ATLANTA: Chipper Jones #10 of the Atlanta Braves celebrates after hitting a two-run homer in the bottom of the eighth inning to give the Braves a 3-2 lead over the Chicago Cubs at Turner Field in Atlanta, Georgia. (Photo by Kevin C. Cox/Getty Images)
Chipper Jones is very likely to go into the Hall of Fame on the first ballot, despite playing the bulk of his career in the '90s and 2000s. Why?
By the time Chipper Jones will have retired, he'll have played 19 seasons with the same team. He'll have just under 500 home runs and a career on-base percentage close to or over .400.
When Jeff Bagwell retired, he had played 15 seasons with the same team. He had 449 home runs and a career on-base percentage of .408.
The two aren't perfectly comparable -- Chipper played a more difficult defensive position, but Bagwell played more than half of his career in a cavernous pitchers' park -- but it's close enough. According to Baseball Reference, Bagwell has 79.9 wins above replacement; Chipper has 82.7.
But one of them will go into the Hall of Fame on the first ballot. As he should. The other one will have to wait several years. As he shouldn't. The difference between Chipper Jones and Jeff Bagwell is that the latter player became muscular. It's 2012. This has been your State of the Hall of Fame report. The Baseball Writers Association has all sorts of guidelines when it comes to voting. Noticeably absent is some sort of clause like "Players who done got all muscly between 1989 and 2006 are expressly forbidden."
And if you think Chipper wasn't muscular, well, look at this picture:
Pretty damning. Though there's a small chance the figurine might not be accurate. In which case we'll just search for "chipper jones arms" in Google Image Search and ...
oh god no what did i do i'm so sorry oh no
There we go. Chipper the teenager on the left. Chipper the filled-out veteran on the right. That's the key term: "filled-out." Baseball players who played and starred in the '90s were allowed to fill out. They were not allowed to get muscular. Retroactively, of course. At the time, baseball players who got muscular were something of a new fad, but they were accepted and the norm at one point. They were like Nehru jackets: accepted while the fad was going on, clearly strange in retrospect.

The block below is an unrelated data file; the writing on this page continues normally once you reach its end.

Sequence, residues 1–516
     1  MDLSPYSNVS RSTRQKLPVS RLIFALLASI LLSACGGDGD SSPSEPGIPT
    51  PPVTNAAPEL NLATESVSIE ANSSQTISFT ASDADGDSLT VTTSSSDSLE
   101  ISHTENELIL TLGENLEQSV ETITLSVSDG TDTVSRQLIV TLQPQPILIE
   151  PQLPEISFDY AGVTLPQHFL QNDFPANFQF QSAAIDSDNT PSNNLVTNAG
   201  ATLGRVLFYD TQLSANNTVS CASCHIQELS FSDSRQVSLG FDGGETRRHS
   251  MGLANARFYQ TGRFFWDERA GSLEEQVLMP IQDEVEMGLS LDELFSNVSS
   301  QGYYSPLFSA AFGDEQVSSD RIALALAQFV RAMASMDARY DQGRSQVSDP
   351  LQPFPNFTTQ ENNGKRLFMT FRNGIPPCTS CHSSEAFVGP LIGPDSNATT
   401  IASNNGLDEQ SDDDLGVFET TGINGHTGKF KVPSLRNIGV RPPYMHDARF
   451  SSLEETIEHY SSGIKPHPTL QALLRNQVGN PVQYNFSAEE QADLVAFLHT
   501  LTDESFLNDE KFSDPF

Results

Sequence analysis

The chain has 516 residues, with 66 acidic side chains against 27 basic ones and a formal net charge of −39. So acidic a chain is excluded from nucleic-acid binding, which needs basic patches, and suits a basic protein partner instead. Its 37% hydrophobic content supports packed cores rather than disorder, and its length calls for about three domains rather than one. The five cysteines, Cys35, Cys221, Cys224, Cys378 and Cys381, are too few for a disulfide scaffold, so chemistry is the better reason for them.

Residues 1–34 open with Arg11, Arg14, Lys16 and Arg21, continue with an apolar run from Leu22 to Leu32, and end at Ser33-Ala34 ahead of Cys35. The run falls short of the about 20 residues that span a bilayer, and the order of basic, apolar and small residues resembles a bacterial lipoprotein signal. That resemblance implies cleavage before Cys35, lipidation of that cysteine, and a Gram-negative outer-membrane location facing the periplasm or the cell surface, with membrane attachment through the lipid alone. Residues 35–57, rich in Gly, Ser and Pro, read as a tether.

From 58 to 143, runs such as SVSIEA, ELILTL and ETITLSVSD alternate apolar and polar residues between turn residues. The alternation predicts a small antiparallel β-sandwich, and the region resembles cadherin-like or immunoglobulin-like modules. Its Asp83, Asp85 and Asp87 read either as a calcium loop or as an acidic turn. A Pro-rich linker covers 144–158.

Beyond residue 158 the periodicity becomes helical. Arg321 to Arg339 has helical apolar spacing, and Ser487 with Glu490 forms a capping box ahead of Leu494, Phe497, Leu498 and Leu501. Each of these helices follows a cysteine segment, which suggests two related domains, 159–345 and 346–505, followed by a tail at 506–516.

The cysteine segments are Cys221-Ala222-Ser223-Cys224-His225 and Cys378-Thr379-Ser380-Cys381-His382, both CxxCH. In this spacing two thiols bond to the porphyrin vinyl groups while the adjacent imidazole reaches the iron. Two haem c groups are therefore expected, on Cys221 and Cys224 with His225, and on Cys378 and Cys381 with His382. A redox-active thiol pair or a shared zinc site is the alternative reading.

Now there's a select and vocal minority of writers in the BBWAA who have no problem pretending that they are professional arbiters of muscly. The difference between muscular and filled-out is in the eye of the beholder, and a few of those beholders have HOF votes.
This isn't just a Chipper thing, either. Ken Griffey, Jr. filled out, but he is never mentioned as a likely user of performance-enhancing drugs. Frank Thomas is an incredibly large human being, but he's never mentioned because the frame just looked like it could support a large human being.
This isn't to suggest that Chipper, Griffey, and Thomas should all come under greater scrutiny. Rather, it's to point out how absurd the double-standard is, and how absurd it is that for a few minutes, a few normally right-thinking writers go into some sort of fugue in which they pretend that they're physiologists while they fill out their Hall of Fame ballots. And it's something that's preventing Jeff Bagwell from becoming a Hall of Famer.
This is a picture of a player who likely used steroids:
That's Manny Alexander. He hit 15 home runs in 1271 career at-bats. He was listed at 5'10", 150 lbs., but those stats are usually inflated. Performance-enhancing drugs were found in his car during a traffic stop in 2000. He is the living evidence supporting the notion that it's silly to pretend you can tell a steroid user by sight.
It's silly to pretend you can tell a steroid user by sight. That'd make for a better tattoo than Chipper's face. There is no evidence that Chipper Jones messed around with PEDs. Chipper Jones is not under suspicion for using PEDs. Chipper Jones most certainly should not be under suspicion for using PEDs. And he'll get in the Hall of Fame on the first ballot because of it.
Jeff Bagwell got a little bigger than Chipper Jones. That'll keep him out of the Hall of Fame, at least for a few years. Read those two sentences again. It's like something you'd read if Lewis Carroll wrote about baseball. When Chipper Jones announced his retirement, that meant it was time to stop and think about his legacy. If he were just a little bigger, it would be a much different legacy. Here's to the paranoia of the Steroid Era. Here's hoping it goes the hell away soon.